Jay Moloney was such a child of showbiz that Burt Ward—Robin on the ’60s TV version of Batman—entertained at one of his childhood birthday parties. Moloney was barely old enough to drink when he was crowned the boy wonder of Hollywood agents, the guys (and mostly they are guys) who hustle up work—and towering paychecks—for their clients. He dated actresses Jennifer Grey and Gina Gershon, had such clients as Steven Spielberg, Leonardo DiCaprio and Bill Murray—and battled personal demons, disappearing for days and, once, crashing a BMW into two parked cars, totaling all three. Moloney was a slave to cocaine. “He loved and was loved by so many people,” recalls his friend Tom Lassally, a former movie exec at Warner Bros., “but he didn’t feel lovable.”
Nor, by the end, did he feel that life was livable. Friends had been dreading the news that finally came on Nov. 16, two days after Moloney’s 35th birthday, when he hanged himself from a shower nozzle, with a belt, in his Hollywood Hills home. Moloney, who helped Creative Artists Agency snag clients David Letterman and Brazil director Terry Gilliam, spent several years checking in and out of rehab clinics. “The demons rose up and took hold of his life,” says producer Peter Guber. Adds Lassally: “He went from being this bigger-than-life character to just a very scared person.” Three days after Moloney’s suicide, nearly 1,000 guests, including Dustin Hoffman and Gershon, gathered for a memorial service held in a movie theater on the Paramount Pictures lot. Murray delivered one eulogy, and Lassally told the A-listers, “Wherever Jay is right now, he’s looking down at us and happy with the turnout.”
Moloney’s friends wondered whether such an ending had been scripted from birth. His father, Jim Moloney, a Hollywood screenwriter (The Fiendish Plot of Dr. Fu Manchu) and agent, was an alcoholic. Moloney grew up in Southern California but moved to Newport, Ore., at 14 with his mom, Carole. At Newport High, Moloney was already everybody’s buddy but his own. Guidance counselor Carolyn Brown, who recalls Moloney as the leader of a gang of rascals called the Octagon, says he enjoyed “being on the cutting edge of defiance.” Nevertheless, Brown says, “I don’t think he thought he was well thought of. I felt he was on a self-destructive path.” Roger Phillips, 35, an Octagon alum who now reports for a small Idaho paper, recalls, “Jay was the type of guy who could come over to your house, eat all of your food, drink all of your beer and then take five bucks, and you would say, ‘Wasn’t he a great guy?’ ”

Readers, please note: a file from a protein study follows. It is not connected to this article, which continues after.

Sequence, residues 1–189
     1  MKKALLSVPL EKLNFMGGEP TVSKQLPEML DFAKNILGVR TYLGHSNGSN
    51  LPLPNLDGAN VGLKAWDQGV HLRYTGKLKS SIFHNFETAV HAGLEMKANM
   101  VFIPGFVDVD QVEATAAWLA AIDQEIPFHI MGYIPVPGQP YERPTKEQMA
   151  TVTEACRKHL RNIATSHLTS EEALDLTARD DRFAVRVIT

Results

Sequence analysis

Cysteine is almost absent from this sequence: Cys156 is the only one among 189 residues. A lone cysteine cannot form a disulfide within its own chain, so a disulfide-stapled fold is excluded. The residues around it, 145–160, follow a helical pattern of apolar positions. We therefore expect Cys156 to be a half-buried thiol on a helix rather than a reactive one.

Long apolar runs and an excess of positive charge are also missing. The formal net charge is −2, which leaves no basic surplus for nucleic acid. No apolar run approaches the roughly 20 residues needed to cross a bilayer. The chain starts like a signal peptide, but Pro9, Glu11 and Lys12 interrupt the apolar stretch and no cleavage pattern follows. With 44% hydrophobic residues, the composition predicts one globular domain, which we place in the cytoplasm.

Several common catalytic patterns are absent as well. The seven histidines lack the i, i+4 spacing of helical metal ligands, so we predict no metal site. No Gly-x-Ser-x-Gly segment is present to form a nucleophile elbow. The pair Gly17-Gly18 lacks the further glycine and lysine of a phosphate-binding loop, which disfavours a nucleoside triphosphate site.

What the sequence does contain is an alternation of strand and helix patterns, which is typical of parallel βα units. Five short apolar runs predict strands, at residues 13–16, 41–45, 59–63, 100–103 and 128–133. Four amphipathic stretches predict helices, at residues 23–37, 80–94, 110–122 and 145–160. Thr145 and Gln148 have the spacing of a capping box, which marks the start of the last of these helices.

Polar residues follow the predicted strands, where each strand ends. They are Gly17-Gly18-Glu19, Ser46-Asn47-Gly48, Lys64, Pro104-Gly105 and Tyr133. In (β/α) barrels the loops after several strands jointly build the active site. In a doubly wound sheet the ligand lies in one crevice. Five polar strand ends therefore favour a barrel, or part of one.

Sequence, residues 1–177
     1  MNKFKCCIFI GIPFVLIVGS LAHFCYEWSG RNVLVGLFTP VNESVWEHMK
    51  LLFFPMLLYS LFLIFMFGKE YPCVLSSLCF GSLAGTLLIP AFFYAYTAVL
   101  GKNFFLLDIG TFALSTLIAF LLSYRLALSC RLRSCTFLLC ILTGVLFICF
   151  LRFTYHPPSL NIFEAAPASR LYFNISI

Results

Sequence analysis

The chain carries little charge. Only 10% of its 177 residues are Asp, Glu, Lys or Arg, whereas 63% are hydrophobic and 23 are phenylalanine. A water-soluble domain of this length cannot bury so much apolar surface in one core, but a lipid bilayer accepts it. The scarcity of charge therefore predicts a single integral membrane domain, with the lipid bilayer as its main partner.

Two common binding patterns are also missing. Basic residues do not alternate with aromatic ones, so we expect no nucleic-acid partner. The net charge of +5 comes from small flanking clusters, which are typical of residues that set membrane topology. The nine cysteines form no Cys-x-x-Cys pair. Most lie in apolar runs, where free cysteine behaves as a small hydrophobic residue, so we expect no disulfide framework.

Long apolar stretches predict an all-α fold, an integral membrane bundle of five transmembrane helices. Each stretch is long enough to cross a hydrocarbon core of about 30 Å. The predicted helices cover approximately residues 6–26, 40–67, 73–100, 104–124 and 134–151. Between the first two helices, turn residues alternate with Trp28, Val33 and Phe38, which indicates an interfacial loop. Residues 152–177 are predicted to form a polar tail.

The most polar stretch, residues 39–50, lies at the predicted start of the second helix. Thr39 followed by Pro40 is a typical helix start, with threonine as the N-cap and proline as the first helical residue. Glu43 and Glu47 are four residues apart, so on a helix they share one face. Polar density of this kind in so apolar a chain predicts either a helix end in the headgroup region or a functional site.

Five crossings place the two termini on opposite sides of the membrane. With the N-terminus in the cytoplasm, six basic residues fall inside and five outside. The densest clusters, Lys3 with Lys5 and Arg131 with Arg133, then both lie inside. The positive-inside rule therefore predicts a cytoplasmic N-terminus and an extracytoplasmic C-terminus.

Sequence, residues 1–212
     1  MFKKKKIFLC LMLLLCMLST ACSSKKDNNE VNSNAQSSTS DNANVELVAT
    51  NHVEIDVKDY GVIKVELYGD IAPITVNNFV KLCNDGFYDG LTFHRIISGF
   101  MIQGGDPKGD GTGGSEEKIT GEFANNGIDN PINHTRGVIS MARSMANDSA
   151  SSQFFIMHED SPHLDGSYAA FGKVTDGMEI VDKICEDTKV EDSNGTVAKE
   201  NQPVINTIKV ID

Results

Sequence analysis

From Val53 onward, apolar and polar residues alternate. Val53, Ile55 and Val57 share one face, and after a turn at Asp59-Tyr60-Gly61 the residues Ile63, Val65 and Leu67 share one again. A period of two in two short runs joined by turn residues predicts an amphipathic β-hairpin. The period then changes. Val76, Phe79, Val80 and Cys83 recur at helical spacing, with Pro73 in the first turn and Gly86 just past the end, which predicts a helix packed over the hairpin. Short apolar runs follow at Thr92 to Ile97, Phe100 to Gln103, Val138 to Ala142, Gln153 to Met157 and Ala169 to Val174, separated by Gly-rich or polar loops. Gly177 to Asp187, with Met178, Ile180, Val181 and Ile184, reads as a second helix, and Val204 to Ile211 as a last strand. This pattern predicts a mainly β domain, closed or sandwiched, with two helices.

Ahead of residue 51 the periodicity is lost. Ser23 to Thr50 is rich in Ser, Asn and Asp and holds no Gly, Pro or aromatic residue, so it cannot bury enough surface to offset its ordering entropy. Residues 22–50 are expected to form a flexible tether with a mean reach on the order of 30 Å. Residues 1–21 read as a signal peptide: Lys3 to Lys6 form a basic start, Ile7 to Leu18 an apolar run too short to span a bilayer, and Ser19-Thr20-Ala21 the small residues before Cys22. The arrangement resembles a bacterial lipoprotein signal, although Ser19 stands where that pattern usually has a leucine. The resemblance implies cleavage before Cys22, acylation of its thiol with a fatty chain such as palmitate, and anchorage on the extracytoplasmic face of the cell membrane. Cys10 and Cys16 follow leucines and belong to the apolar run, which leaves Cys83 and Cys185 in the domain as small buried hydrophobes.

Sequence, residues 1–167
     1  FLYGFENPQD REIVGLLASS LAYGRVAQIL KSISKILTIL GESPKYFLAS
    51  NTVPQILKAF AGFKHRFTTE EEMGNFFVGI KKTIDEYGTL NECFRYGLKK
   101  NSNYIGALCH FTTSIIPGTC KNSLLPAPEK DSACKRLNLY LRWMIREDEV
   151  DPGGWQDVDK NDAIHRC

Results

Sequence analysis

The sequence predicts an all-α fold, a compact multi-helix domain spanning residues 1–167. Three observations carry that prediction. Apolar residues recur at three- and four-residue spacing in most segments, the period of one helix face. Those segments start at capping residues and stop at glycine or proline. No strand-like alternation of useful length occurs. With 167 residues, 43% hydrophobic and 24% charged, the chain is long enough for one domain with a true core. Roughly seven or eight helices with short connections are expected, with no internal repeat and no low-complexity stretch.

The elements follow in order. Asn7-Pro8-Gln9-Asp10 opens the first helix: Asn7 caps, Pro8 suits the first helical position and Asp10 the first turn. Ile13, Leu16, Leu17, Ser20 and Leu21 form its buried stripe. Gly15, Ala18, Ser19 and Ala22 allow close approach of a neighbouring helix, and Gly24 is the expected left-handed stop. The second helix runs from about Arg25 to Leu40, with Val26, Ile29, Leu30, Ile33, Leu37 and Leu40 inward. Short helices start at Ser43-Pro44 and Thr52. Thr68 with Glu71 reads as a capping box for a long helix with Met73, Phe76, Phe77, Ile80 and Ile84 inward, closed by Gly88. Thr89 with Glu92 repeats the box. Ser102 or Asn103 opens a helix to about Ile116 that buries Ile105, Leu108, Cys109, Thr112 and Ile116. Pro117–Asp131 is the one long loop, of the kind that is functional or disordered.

The backslapping made him a natural at schmoozing’s world headquarters, Hollywood. As a USC student with an internship at Creative Artists Agency, which represents many of moviedom’s biggest stars, he was a hit, and in 1984, at age 20, Moloney dropped out of college. He soon was tapped to be the right-hand man to then-CAA chief Michael Ovitz. Through Ovitz, Moloney landed such clients as Hoffman and Uma Thurman. “He always made me feel he was thinking of me first,” says another client, superstar screenwriter Ron Bass (Rain Man). “He was just a guy you always wanted to be around.”
Moloney made millions, filling his house with Picassos and Warhols, but in close succession he lost his father (to Parkinson’s disease, in March 1994) and his father figure (an increasingly distant Ovitz left CAA the following year). Moloney tried cocaine and quickly got hooked. Friends staged repeated interventions, but drugs finally cost Moloney his CAA job in 1996. The ex-wonder boy did some soul-searching on an Israeli kibbutz and in the Caribbean, where he picked bananas for a while. Last January, at the Menninger Clinic in Topeka, Kans., fellow patients found him in his hotel bathtub with his wrists and throat slashed. “It’s a very self-hating way to [kill yourself],” says one of them. Moloney barely survived.
His friends still backed him, though, and last April, Moloney took a job working for a music video and commercial company, Paradise Music & Entertainment, run by Bob Dylan’s son Jesse. But Moloney couldn’t stay clean, and he was released from his contract in September. Three days before he died, Lassally met him for coffee and found that “he looked defeated, like he’d lost the will to fight.” After his earlier suicide attempt, the rehab patient who found Moloney told him, “You’re going to run out of your nine lives pretty soon.” Moloney, she says, just looked back at her and said, “You’re right.”
Lyndon Stambler and Michael Fleeman in Los Angeles and Alexandra Hardy in Newport